“It’s awkward,” acknowledges JonPaul Edge, a senior who is white. “I have as many black friends as I do white friends. We do everything else together. We hang out. We play sports together. We go to class together. I don’t think anybody at our school is racist.” Trying to explain the continued existence of segregated proms, Edge falls back on the same reasoning offered by a number of white students and their parents. “It’s how it’s always been,” he says. “It’s just a tradition.” – Source (The New York Times)
This is ridiculous, pure nonsense, and should not be accepted. If you click the source link above and read th4e article, you’ll see where a few Black kids who attended the “White Prom” to cheer on their friends were ushered away by chaperons. But yet, some people still say that tired line that racism is dead. Ok, sure they may not be burning crosses, or hanging Negroes from trees, but to label this a “tradition” – an acceptable one at that – is the most absurd thing I have heard in a very long time. How are these kids supposed to live in this new “post-racial” society when they are forced to live in a county still stuck in an era where this is accepted? I’m told that this is something that is commonplace in the south and this is not something exclusive to the state of Georgia. As a matter of fact, there is a documentary being released in another month called Prom Night in Mississippi which is centered around the struggle to have an integrated prom where actor Morgan Freeman even offered to pay for an integrated prom.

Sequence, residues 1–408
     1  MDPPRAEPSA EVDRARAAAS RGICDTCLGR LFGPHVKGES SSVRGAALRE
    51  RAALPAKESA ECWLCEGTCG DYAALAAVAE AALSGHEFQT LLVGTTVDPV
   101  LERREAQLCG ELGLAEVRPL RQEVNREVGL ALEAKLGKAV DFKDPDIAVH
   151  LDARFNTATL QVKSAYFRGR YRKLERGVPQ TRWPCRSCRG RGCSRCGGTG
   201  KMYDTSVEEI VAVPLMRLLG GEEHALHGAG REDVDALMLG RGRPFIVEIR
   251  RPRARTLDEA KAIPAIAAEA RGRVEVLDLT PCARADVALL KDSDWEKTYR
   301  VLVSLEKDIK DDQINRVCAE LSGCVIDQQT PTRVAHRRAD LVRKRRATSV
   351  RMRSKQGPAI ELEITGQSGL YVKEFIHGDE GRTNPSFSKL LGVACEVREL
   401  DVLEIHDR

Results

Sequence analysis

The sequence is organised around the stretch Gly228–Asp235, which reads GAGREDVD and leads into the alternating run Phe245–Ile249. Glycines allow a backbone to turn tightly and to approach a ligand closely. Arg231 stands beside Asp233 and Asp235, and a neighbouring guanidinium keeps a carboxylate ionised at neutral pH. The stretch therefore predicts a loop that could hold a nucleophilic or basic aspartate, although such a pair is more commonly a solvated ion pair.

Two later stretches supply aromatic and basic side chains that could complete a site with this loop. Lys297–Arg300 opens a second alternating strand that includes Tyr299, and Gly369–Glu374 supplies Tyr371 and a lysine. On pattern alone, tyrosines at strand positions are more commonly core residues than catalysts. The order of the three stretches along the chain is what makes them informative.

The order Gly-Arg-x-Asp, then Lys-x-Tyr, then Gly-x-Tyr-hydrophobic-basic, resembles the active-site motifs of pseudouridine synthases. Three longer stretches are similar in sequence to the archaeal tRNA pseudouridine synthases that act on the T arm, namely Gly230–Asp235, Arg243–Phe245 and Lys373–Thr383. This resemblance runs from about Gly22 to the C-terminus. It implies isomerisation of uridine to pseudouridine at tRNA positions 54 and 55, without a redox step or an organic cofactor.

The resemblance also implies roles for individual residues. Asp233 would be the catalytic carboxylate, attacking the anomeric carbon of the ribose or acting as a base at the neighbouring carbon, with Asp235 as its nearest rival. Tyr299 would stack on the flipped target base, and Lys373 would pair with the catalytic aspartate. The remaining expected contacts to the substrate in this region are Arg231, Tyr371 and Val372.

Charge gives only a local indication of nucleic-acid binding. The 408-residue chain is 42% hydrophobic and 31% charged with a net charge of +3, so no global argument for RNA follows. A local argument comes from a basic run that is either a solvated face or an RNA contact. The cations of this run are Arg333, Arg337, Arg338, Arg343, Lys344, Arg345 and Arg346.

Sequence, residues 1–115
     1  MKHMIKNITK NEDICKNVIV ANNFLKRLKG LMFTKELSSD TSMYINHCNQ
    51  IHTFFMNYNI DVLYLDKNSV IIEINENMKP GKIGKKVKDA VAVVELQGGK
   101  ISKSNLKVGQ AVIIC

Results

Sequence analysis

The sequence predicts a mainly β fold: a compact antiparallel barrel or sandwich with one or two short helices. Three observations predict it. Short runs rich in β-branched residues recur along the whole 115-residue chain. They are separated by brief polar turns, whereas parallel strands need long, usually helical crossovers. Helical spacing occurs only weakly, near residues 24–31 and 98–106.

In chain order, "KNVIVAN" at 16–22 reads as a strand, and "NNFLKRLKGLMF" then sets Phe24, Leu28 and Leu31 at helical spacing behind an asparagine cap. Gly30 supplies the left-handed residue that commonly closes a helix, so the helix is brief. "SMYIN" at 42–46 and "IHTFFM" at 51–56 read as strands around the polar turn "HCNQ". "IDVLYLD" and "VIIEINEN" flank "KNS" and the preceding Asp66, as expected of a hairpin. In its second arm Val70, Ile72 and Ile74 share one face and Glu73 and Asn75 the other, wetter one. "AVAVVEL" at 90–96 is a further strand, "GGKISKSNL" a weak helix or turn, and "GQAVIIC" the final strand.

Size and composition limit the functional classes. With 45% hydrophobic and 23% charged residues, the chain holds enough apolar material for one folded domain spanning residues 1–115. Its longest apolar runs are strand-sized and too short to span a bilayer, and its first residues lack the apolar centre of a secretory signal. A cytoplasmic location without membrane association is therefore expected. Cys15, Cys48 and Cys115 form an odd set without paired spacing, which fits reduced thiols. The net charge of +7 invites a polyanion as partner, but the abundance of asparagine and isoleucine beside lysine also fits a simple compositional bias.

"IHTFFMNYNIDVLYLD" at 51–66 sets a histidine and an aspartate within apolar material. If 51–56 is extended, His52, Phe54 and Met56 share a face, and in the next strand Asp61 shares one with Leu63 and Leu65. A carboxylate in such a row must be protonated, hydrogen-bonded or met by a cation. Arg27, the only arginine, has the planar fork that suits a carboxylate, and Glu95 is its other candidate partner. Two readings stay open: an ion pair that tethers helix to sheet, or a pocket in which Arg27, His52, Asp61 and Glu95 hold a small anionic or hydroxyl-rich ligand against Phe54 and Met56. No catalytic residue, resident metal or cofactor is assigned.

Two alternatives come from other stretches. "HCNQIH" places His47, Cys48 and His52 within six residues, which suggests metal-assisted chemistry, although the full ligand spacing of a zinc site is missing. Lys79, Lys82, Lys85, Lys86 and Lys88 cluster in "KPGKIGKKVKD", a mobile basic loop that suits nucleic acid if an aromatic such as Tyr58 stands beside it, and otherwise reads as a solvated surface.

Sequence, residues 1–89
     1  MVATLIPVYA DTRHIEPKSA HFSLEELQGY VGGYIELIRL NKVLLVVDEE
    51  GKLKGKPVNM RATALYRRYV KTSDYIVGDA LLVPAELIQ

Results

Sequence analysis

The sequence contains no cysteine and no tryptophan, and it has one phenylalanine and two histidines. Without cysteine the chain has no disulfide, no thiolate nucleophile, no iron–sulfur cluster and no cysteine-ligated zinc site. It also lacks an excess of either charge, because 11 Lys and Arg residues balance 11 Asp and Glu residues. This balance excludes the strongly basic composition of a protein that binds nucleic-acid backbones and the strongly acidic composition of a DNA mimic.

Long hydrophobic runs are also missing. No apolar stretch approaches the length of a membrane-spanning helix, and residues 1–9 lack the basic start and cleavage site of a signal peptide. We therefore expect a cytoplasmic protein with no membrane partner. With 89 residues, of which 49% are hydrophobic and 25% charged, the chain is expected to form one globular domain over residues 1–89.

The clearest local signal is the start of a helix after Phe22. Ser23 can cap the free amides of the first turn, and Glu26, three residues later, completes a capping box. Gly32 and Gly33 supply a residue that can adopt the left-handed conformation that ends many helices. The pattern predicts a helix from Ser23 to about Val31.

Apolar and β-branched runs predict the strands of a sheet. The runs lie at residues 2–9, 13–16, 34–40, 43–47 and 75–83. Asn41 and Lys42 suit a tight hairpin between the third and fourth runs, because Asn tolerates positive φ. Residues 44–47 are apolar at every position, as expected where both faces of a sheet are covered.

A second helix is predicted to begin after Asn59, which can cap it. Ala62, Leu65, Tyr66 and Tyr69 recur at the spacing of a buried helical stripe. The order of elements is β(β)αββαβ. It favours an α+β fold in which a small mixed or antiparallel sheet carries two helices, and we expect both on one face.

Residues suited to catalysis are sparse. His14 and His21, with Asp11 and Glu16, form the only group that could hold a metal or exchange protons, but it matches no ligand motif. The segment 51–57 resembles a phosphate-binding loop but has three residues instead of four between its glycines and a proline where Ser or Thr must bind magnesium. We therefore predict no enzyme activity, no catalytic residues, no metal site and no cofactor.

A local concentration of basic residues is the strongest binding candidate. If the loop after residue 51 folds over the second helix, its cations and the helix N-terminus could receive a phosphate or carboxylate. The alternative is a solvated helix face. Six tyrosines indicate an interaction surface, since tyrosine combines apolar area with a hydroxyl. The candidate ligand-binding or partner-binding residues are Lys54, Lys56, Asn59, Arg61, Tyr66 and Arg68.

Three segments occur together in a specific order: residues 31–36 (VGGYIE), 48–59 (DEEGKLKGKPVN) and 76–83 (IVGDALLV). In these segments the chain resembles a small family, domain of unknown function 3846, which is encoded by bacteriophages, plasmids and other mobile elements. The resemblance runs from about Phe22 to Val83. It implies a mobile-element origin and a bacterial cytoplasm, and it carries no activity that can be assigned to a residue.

Check it out:

I’m telling you folks, it’s when I read stuff like this, that I am thankful that my parents never decided to live in places such as Montgomery County Georgia. If they did, I’ll have to wonder just how I would have turned out. But therein lies the problem; the parents. The school doesn’t sanction or hold a Prom because White parents deem it right to hold to the tradition (click here to listen to this). If the school stepped up to the plate, I personally think this could be changed. What’s the worst thing that could happen by having an integrated prom? What, are they afraid that their kids will be less White? I don’t know what you think about this and I’d sure like to hear your thoughts. Hopefully the day will come when this too shall come to pass.

MUST READ: Send Their Children to All-White Proms from the blog Stuff White People Do

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RiPPa is the creator, publisher, and editor-in-chief of The Intersection of Madness & Reality. As a writer, he uses his sense of humor, sarcasm, and sardonic negro wit to convey his opinion. Being the habitual line-stepper and fire-breathing liberal-progressive, whether others agree with him, isn’t his concern. He loves fried chicken, watermelon, and President Barack Obama. Yes, he's Black; yes, he's proud; and yes, he says it loud. As such, he's often misunderstood.